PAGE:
4. Mr. Gangel had a long history as a promoter of tax shelters. In Gangel v. Comm'r, 62 T.C.M. (CCH) 319, 1991 WL 145339 (1991), the Tax Court noted that:
Since 1974 [Mr. Gangel] has been a promoter of numerous tax shelters involving equipment leasing, real estate, entertainment, and art. The tax shelters promoted by [Mr. Gangel] have been the subject of previous Tax Court proceedings. [Mr. Gangel's] previous shelters have raised in excess of $400,000,000.
A major tax shelter [Mr. Gangel] was involved in was the Energy Management System (EMS) tax shelter, which encompassed 15 corporations, approximately 80 transactions, and approximately 2,000 investors. In 1985 [Mr. Gangel] entered into a consent agreement with the Government to cease EMS and other tax shelter activities. [Mr. Gangel] paid a penalty of $320,000 in connection with the consent agreement.
1991 WL 145339 at 1 (footnote omitted).
5. Sav-Fuel was entitled to only eighty-five percent of half of the net savings realized by Gould as a result of the installation of the EMS. Taking into account Sav-Fuel's obligation on the note and other expenses, Sav-Fuel was entitled to only 8.5 percent of any savings generated by the EMS.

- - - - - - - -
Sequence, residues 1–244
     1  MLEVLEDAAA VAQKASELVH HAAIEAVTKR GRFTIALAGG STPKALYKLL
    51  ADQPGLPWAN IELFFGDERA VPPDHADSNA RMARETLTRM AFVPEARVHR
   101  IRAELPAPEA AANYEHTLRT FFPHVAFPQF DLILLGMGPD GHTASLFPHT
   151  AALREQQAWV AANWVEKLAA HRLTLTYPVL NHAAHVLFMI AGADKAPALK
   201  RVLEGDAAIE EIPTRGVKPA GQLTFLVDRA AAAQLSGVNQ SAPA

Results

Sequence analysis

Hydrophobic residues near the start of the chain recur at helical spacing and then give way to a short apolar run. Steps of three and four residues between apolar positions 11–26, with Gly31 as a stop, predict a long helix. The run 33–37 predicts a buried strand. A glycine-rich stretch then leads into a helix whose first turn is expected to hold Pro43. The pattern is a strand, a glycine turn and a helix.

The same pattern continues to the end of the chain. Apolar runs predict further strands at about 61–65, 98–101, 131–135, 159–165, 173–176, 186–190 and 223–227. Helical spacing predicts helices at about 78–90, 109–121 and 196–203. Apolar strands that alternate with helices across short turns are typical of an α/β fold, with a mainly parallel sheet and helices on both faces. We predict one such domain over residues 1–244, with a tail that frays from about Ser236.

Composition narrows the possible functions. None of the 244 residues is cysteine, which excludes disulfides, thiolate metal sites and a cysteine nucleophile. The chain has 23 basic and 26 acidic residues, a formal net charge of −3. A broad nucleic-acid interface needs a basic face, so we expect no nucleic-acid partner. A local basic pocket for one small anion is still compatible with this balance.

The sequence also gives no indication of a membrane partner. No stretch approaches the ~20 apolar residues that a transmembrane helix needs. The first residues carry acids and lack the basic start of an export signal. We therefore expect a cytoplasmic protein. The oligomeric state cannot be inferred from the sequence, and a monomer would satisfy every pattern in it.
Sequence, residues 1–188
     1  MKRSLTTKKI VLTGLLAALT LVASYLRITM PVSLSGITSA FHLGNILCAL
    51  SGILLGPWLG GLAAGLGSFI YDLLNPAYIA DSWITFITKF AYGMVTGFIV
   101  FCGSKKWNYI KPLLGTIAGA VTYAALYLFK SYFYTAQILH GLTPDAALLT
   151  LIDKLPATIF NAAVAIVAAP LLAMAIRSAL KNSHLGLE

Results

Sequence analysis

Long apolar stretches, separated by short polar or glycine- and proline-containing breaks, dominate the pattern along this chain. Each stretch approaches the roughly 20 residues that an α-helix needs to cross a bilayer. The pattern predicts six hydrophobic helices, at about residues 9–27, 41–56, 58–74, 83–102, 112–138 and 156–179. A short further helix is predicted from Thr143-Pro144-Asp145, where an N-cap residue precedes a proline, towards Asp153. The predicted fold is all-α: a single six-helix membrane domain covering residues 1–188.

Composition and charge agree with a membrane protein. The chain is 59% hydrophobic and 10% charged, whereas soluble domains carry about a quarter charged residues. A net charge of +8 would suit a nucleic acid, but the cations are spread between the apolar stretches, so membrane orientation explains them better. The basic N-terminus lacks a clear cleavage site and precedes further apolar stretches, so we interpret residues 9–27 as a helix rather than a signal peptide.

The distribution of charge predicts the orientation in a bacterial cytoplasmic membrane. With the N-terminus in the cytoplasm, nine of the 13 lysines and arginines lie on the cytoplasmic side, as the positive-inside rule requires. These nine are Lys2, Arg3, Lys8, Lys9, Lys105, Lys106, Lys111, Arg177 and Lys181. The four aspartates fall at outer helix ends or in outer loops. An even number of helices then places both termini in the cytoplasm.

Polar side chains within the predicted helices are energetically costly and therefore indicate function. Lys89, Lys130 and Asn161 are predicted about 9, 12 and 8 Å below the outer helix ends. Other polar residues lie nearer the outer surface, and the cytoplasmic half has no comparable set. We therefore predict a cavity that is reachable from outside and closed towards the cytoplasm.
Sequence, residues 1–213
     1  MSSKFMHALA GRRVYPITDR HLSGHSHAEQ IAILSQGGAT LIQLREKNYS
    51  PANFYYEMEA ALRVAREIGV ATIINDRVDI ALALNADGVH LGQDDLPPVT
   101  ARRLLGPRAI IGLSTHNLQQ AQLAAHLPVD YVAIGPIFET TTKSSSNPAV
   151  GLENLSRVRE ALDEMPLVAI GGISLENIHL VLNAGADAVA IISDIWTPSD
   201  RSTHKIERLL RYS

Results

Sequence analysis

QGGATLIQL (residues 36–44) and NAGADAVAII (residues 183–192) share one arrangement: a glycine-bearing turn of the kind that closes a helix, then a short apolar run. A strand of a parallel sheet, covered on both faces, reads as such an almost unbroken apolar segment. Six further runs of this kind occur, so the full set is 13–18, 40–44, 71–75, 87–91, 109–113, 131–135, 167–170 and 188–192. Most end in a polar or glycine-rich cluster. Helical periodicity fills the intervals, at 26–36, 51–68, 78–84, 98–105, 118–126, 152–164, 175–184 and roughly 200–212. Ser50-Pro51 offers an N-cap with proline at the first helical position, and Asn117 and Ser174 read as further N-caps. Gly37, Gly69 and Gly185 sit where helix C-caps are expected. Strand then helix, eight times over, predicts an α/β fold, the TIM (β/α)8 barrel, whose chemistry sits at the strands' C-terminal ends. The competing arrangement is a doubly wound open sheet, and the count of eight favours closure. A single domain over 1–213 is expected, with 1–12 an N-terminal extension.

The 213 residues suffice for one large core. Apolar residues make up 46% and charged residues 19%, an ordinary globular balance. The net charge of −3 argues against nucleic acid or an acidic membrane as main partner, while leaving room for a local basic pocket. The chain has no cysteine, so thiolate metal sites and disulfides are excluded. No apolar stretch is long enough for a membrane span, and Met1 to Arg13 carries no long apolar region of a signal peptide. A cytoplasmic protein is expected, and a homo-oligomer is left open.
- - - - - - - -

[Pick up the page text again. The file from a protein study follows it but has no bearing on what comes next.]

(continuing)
6. We note that before his death, Mr. Frost was the tax matters partner of Harmonic Associates, a Florida limited partnership, similarly found to lack a profit motive for purposes of 26 U.S.C. §183. See Gianaris, 1992 WL 315448 at 8.
7. Mr. Walford cites Gianaris to support his contention that the EMS had a useful life longer than twenty-five years. In Gianaris, however, the relevant comparison is to the equipment used by Computerized Energy Associates (CEA), the useful life of which the Tax Court found to be twenty-five years based on assumptions in the CEA offering memorandum. The thirty-five year life cited by Mr. Walford refers to the equipment of Harmonic Associates, which included a retrofitted annealing furnace and a new woodchip-burning boiler plant, equipment far different from the EMS purchased by Sav-Fuel.